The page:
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As the International Year of Light draws to a close, we have made some significant strides in our program. I am happy to report that Electro-Optics (EO) is in the process of becoming a new department. The proposal has been approved by the chairs of Electrical and Computer Engineering and Physics, the Academic Leadership Committee in the School of Engineering (SoE), the respective deans of SoE and the College of Arts and Sciences, the graduate school, and most recently, by the academic senate. Additionally, EO also formed its first advisory board which met on campus in November, 2015.
In the Fall of 2015, EO welcomed about 20 new students into our program, many of whom are being supported as teaching and research assistants. We are grateful to the Sensors and Materials directorates of Air Force Research Labs, as well as local companies such as Applied Optimization and Protobox for supporting many of our students. For 2015, EO graduated 3 PhDs and 13 MS students. Some of our MS graduates are now pursuing their PhD in EO. We are currently working on agreements with Huazong University of Science and Technology, the largest optics institute in China, and with Centro de Investigaciones en Optica, a leading optics research institute in Mexico, to recruit students in EO for the coming Fall.
2015 has also been a banner year for research. Dr. Mikhail Vorontsov's Intelligent Optics Lab received an Air Force Office of Scientific Research Defense University Research Instrumentation Program grant for high-performance cluster computing, as well as a prestigious National Science Foundation Major Research Instrumentation grant for the development of a high-power adaptive phased fiber-array laser system, with applications in additive manufacturing.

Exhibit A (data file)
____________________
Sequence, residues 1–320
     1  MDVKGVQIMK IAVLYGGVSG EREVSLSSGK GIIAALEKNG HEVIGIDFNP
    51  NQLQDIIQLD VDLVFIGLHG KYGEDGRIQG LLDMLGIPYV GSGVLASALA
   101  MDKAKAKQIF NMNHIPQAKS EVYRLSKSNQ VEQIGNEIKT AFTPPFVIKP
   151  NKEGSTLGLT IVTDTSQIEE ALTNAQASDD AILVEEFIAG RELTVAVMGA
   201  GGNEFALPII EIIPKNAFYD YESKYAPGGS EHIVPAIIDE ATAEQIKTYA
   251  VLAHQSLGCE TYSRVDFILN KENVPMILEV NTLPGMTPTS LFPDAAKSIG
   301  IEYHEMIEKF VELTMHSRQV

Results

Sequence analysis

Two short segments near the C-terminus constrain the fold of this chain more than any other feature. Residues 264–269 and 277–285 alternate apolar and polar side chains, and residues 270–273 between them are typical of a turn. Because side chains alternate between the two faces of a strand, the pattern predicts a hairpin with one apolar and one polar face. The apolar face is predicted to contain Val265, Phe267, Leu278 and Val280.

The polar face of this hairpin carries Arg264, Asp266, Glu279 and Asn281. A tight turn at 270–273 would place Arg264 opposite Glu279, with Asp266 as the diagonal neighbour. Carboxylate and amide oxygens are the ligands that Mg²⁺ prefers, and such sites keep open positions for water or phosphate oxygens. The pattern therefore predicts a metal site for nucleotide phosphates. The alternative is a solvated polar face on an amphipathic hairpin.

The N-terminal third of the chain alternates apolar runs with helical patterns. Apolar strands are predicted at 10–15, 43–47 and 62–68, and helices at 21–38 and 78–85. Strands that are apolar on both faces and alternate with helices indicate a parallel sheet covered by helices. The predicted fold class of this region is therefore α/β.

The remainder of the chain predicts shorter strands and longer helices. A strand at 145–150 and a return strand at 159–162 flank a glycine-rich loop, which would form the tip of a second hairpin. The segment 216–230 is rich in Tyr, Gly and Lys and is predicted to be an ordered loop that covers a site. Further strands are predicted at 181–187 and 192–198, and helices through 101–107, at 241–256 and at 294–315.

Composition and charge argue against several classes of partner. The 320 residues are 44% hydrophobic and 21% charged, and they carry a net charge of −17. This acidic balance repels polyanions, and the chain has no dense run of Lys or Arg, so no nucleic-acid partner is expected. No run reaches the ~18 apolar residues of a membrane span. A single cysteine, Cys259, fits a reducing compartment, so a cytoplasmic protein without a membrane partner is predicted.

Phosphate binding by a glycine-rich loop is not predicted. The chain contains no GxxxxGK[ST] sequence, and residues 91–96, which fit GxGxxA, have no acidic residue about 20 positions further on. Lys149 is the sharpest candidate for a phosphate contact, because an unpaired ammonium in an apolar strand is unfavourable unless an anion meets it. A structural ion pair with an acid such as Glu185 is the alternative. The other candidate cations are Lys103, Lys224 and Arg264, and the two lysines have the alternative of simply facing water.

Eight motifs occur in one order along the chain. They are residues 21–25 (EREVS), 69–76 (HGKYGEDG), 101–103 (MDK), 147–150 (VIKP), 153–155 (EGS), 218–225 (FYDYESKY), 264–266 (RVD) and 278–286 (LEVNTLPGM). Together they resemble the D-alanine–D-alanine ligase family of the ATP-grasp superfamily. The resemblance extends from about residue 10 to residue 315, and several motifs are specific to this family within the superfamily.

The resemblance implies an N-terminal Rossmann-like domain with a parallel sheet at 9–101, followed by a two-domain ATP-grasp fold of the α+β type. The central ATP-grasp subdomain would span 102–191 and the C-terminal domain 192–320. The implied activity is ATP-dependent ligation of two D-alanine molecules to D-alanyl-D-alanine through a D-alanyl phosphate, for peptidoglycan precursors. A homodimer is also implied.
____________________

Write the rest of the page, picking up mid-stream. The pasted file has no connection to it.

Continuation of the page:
A special welcome to Dr. Chenlong Zhao, who joined in Fall 2015 as assistant professor in Physics, with specialization in EO, particularly in the areas of nanophotonics, metamaterials, graphene, and optical trapping.
I wish you all a very happy, illuminating, and productive 2016!
Dr. Partha Banerjee
Research DARPA and partner Optonicus designed this optical phased array used in the Excalibur demonstration to improve laser performance. Electro-optic technology rapidly revises how we use and interact with technology. Our program is one of the most advanced in the world with research opportunities available from faculty members, UDRI, AFRL, industry, state of Ohio and federal government. It is our mission to educate engineers and scientists with courses that evolve to meet our optic-community needs.
DARPA and partner Optonicus designed this optical phased array used in the Excalibur demonstration to improve laser performance. Electro-optic technology rapidly revises how we use and interact with technology. Our program is one of the most advanced in the world with research opportunities available from faculty members, UDRI, AFRL, industry, state of Ohio and federal government. It is our mission to educate engineers and scientists with courses that evolve to meet our optic-community needs.
Receive an advanced degree in Electro-Optics and be at the heart of new technologies in telecommunications, medicine and manufacturing.
The University of Dayton's Electro-Optics Graduate Program began in 1983 with challenging courses complemented by unparalleled research opportunities including a laser radar curriculum through our Ladar and Optical Communications Institute (LOCI) — we offer cutting-edge research opportunities.
The School of Engineering and the College of Arts and Sciences collaborate to provide you with a path to academic success along with the U.S. Air Force and other regional businesses. We offer 20 dedicated electro-optics laboratories on campus and have access to our nation's largest Air Force research and development facilities as well as the University of Dayton Research Institute that conducts over $70 million in annual sponsored research.